Coronavirus: US touches a depressing 200,000 deaths

Image is a screenshot of WHO's COVID-9 dashboard zoomed in at North America

Just four months after the US touched the grim milestone of 100,000 deaths, here comes the next – on Wednesday the States recorded and surpassed 200,000 deaths from the novel coronavirus.

In May when the US surpassed 100,000 death tolls, The New York Times wrote reporting the loss: “A number is an imperfect measure when applied to the human condition,” and here we’re just double the ‘imperfect measure.’

The US has the most number of COVID-19 cases in the world at 6.9 million, with the worst death toll as well. As of Tuesday night, the fatality record from the virus was 200,768. Wednesday’s data shows it has increased to 200,818 deaths.

But even at such grotesquely high numbers of infections, the pandemic in the States seems nowhere near the end, experts fear.

Addressing the media president Donald Trump said the grim number of fatalities was a ‘shame,’ he said responding to a reporter who asked for his comment on the disastrous casualty milestone.

As the Autumn kicks in, and the weather draws to a cooler state, people will be pushed indoors. This could turn out to be cozy incubators of the virus.

Experts worry the United States may be up for another blow in the coming months. With the present scenario recording 35k cases a day, the future of the pandemic in the nation is inadvertently sorry.

Even at this juncture, President Trump seems reluctant to acknowledge his failures. “China let this happen, and just remember that,” Trump said as quoted by The Guardian.

“We’re on track to have a quarter-million dead Americans by the end of the year with absolutely no reason it had to happen. It was all preventable. So yes, this is a leadership failure of astounding proportions,” senior policy fellow at the Center for Global Development, Jeremy Konyndyk told The Guardian.

Konyndyk earlier this year said the Trump Administration’s basic governance is one of the ‘greatest failures’ in the modern times.

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The onset of winters threatens not just the US, but governments around the world to brace for outbreaks, as people will be pushed indoors and the virus can spread easily.

Also, the flu season is looming on the horizon and healthcare experts have called for more widespread, cheaper, and quicker testing to distinguish the virus which invokes similar symptoms.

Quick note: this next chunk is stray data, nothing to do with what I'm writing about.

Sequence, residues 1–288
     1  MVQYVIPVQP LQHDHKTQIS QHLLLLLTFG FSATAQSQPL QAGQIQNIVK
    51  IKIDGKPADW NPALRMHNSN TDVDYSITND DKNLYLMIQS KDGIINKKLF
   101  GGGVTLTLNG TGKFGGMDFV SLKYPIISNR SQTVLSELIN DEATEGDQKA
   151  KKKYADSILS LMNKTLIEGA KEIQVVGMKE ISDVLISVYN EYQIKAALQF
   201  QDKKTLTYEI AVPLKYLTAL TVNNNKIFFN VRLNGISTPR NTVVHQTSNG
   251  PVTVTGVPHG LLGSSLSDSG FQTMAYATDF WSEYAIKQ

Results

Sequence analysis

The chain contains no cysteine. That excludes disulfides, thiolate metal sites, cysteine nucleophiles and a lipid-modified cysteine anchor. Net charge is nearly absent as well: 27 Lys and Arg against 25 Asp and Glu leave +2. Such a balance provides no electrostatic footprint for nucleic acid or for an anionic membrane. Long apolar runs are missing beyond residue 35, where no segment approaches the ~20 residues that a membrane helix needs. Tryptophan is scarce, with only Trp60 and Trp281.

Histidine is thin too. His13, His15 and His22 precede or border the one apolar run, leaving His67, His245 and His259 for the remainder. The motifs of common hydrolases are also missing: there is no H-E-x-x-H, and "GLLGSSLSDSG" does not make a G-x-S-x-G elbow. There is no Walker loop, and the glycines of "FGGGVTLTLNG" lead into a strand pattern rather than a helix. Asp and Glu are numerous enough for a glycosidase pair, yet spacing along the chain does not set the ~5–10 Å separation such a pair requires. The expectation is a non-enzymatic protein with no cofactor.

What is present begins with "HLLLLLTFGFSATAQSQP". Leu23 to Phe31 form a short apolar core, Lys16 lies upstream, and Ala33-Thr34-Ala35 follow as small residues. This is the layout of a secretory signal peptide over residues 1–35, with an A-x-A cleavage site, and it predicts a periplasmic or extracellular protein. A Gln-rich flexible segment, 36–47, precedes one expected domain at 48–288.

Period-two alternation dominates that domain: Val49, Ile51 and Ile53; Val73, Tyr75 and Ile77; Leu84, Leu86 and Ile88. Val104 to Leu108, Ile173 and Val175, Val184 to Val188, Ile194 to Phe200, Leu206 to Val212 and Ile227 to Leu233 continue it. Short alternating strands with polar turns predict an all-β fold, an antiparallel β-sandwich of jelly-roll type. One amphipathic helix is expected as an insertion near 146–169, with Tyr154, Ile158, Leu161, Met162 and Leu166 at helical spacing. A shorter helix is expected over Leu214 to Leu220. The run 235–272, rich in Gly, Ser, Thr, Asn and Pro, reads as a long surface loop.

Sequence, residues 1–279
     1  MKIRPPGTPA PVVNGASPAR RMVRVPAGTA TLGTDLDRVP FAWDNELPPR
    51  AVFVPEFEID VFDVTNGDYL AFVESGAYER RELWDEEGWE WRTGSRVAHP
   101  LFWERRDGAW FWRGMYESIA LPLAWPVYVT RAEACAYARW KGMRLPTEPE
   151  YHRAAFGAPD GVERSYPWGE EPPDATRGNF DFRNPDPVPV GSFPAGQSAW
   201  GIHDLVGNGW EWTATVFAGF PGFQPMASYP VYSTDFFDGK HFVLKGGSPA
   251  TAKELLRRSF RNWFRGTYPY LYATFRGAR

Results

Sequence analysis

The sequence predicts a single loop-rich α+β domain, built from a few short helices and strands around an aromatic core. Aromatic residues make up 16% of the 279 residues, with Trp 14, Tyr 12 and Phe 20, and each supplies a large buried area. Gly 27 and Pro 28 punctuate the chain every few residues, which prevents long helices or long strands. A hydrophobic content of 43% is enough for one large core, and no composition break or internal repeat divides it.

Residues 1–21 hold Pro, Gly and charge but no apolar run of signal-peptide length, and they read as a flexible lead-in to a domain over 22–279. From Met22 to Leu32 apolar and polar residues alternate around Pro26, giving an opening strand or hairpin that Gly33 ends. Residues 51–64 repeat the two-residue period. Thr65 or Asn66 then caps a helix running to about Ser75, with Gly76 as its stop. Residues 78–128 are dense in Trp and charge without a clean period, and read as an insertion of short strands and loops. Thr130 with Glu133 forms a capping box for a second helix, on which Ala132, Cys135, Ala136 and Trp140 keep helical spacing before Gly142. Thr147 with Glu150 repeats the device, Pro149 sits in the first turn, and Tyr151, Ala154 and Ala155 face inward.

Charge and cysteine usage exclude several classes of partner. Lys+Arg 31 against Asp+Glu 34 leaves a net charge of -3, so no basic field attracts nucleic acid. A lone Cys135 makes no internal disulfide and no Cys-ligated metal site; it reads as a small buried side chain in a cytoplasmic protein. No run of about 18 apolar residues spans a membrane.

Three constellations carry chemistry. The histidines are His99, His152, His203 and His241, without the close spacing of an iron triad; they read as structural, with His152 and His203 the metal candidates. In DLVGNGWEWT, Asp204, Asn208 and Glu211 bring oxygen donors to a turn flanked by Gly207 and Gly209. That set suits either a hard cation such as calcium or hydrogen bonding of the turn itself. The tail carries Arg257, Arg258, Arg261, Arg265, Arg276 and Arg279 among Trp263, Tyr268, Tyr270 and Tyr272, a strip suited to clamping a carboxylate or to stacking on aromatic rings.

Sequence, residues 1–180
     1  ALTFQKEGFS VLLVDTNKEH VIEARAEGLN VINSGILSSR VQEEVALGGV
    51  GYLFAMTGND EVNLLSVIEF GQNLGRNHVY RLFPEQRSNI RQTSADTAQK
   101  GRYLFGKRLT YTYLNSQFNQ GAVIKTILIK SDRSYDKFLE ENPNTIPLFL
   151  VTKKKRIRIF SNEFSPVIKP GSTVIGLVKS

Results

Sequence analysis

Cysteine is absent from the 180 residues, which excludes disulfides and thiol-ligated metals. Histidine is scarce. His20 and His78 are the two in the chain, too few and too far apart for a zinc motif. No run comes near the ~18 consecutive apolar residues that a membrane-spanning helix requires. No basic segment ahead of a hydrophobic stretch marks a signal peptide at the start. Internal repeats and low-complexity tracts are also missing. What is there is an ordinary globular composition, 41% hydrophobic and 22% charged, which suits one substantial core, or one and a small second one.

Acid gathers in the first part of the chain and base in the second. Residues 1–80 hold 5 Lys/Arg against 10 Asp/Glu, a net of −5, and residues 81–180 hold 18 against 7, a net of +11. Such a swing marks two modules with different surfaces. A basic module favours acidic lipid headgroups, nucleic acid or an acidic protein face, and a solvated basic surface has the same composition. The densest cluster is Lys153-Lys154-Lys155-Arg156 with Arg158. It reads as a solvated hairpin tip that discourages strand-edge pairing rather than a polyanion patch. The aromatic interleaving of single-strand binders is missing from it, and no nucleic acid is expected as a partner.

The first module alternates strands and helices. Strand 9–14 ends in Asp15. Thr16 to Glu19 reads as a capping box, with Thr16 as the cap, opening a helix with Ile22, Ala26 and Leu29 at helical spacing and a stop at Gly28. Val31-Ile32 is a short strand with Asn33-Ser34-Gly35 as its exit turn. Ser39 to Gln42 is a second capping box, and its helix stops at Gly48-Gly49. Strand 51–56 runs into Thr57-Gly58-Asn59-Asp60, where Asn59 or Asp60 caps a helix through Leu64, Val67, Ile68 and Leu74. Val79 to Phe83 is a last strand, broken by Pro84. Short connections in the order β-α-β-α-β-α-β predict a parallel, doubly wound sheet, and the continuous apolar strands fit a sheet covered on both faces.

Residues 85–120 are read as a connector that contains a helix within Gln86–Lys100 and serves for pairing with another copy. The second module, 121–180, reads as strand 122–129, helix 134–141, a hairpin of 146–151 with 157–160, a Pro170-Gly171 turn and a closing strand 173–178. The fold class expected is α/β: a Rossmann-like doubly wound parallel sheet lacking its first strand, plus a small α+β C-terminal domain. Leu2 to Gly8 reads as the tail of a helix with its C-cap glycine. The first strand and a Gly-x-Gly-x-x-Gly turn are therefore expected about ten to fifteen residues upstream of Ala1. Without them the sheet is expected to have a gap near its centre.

The pandemic has already disrupted the healthcare system and has put enormous pressure on the emergency depts. and a severe flu season owing to more virulent strain, inadequate vaccinations, and a cause of both could wreak havoc to the systems.

In a recent parliamentary announcement, Prime Minister Boris Johnson announced the UK’s trajectory ahead for the next six months as he ordered new restrictions to curb the virus spread.

But President Trump said, he will not impose a ‘lockdown’ like the UK because: “We understand the disease, we understand how to handle it,” CNBC quoted Trump as saying.

Ever since the pandemic broke out, Trump has been critical to China and WHO, while at the same time drawing criticism for his own administration’s efforts to battle the pandemic in the US, which has been fraught with negligence.

From a shortage of PPE kits in March to a lack of efforts to ramp up the testing, Trump has received criticism for his government’s handling of the pandemic.

The Guardian noted how President Trump’s political priorities came in between his obligations as a Head of State to manage the outbreak.

The President has been reportedly against testing for the virus in large numbers because he believes more testing will bring out more confirmed cases, which is bad for his political reputation.

In America, the pandemic has disproportionately affected the nation’s minority populations. Surveys have shown how black Americans are twice or thrice more likely to catch the virus than others.

A lot of other factors have also played a practical role in exposing the country’s minority groups to viral infections.

For instance, a disproportionate number of Black Americans work in the frontline of handling infected patients and often live in cramped conditions among other factors, all of which fan the spread of the virus.

Experts and critics now fear Trump’s influences could disorient the nation’s approach to vaccines.

Although the push to develop a vaccine has been Trump’s biggest priorities of late (thanks to the upcoming elections) experts worry the misstep by the government in rolling out a vaccine could have ricocheting consequences.

Trump has already demonstrated that it is only fair to question his decisions – FDA commissioner, under the influence of Trump, already breached scientific protocols like giving nod to hydroxychloroquine for COVID-19 without solid evidence.

While a vaccine is being baked in labs, which means it is still the future, presently the scenario quite reflects people’s perception of the same.

A recent Gallup poll found, 35% of Americans are paranoid to get jabbed by a COVID-19 vaccine, even if they are approved by the FDA – the apex authority for US food and drug regulation.

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